Michael Geist noted that the report ultimately undermined one of the BSA's core arguments -- that countries which enact DMCA-style legislation experience significantly reduced piracy rates.

    Yeah, but you can't fight these guys with logic. All they'll say to that is "See? The problem is so bad in those countries we need *even stronger laws*!

    Logic and evidence is pointless when the statistics and facts in this situation are so highly open to interpretation. That makes it problem solvable only by lobbying, not facts. Those of us who are against their draconian measures need to become as politically influential as they are - something that seems unlikely right now.

    • by HeronBlademaster (1079477) <heron@xnapid.com> on Sunday May 17, 2009 @04:59PM (#27988825) Homepage

      I have noticed that with few exceptions, the people who would make good politicians - that is, the people who actually know things about relevant issues - are drawn to professions that would actually earn real money. For example, how many computer programmers do you know who have run for office?

      Almost any programmer worth his salt is going to be earning a lot more money programming than he could in public office - it's irrelevant whether his knowledge would be directly applicable to laws that would be passed during his term.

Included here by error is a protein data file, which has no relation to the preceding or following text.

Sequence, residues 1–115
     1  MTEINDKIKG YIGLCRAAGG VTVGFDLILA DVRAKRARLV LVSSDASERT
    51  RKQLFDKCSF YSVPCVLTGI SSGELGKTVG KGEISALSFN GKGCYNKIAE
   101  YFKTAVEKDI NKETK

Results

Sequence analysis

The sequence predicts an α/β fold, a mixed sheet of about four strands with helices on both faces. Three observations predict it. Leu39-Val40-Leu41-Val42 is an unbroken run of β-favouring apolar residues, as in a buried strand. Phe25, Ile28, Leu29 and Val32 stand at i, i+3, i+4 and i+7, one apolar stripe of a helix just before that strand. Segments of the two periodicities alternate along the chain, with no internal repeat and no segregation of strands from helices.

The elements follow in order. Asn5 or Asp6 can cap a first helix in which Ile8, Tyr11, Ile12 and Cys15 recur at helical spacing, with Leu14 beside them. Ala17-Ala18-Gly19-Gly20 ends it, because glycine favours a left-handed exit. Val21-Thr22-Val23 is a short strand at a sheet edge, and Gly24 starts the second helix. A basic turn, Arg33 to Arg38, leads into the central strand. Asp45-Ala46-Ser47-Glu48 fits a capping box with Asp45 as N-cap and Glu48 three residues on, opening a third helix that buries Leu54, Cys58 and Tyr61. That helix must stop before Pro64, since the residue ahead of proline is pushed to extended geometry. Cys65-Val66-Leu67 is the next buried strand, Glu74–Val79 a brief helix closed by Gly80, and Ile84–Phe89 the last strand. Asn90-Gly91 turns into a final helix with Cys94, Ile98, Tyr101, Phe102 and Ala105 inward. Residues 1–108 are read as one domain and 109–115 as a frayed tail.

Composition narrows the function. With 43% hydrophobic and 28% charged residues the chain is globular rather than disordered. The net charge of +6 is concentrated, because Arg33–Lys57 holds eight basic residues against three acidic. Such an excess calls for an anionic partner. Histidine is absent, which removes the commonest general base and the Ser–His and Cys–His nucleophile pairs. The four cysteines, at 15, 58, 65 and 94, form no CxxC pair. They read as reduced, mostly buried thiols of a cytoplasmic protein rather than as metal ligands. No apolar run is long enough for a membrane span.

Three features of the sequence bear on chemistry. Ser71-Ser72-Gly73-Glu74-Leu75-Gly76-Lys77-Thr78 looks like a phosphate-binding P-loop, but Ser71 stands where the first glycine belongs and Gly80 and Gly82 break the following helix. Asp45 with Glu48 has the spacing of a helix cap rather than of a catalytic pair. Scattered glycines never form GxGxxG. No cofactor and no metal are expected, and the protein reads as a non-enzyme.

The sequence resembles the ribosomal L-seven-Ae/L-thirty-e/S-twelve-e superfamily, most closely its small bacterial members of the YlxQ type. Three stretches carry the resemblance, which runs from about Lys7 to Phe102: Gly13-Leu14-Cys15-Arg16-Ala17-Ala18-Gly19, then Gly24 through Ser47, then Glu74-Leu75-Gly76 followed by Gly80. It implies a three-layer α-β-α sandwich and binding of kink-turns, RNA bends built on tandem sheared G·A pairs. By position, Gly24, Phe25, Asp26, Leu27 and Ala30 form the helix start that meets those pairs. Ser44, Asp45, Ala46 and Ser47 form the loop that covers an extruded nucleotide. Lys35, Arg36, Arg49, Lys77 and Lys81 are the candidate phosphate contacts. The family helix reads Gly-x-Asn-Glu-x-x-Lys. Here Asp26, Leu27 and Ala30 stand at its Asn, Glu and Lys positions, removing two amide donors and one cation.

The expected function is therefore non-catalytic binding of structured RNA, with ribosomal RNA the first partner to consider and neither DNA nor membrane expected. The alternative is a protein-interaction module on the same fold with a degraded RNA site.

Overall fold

If we want smart people in office examining our laws, we need to pay them what they're worth.

      • the people who would make good politicians - that is, the people who actually know things about relevant issues - are drawn to professions that would actually earn real money.

        Completely agree. And consider those who actually can make money at a "real" profession but choose to slog their way up the political ladder - what kind of narcissistic SOB does it take to do that?

      • The best person to have power is someone who does not want it. Unfortunately these people are not on the candidate list.
  • legitimate interests to protect. They are just going about it in a way that delegitimizes themselves and makes heroes out of thieves. It doesn't have to be that way.
  • But few people will ever hear the truth so the lie will be perpetuated, and laws will continue to be passed, and more restrictions will be put into place.

  • Methodology ? (Score:2, Insightful)

    by gearloos (816828)
    "Questions have also been raised over the BSA's methodology," If I remember right the best "methodology" BSA had was to get disgruntled employees to turn the company in for the satisfaction of watching the boss squirm. Only problem was, once accused, you were guilty until proven innocent; I.E. the burden of proof rests on the defendant. Great business model. BSA asshats ftw
    • by Tuoqui (1091447)

      Actually you're innocent until proven guilty. Just because the BSA makes an accusation does not mean you are obligated to help them prove their case. It is just in a civil case the bar for guilt is lower. If it is a criminal case the bar is 99% or beyond a reasonable doubt. In a Civil Case its like 50%+1, or preponderance of the evidence, basically whichever side makes a better argument.